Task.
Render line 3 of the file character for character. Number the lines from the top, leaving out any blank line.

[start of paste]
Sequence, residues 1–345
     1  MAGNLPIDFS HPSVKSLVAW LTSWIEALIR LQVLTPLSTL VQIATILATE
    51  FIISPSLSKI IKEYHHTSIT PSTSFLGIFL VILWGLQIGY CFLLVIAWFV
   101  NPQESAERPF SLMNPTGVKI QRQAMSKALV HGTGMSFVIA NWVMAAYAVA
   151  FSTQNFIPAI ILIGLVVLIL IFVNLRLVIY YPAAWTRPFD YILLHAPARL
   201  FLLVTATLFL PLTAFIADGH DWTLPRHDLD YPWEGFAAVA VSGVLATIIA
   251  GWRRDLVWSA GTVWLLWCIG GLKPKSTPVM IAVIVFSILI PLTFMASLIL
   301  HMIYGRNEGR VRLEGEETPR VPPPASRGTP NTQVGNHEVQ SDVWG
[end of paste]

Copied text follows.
    51  FIISPSLSKI IKEYHHTSIT PSTSFLGIFL VILWGLQIGY CFLLVIAWFV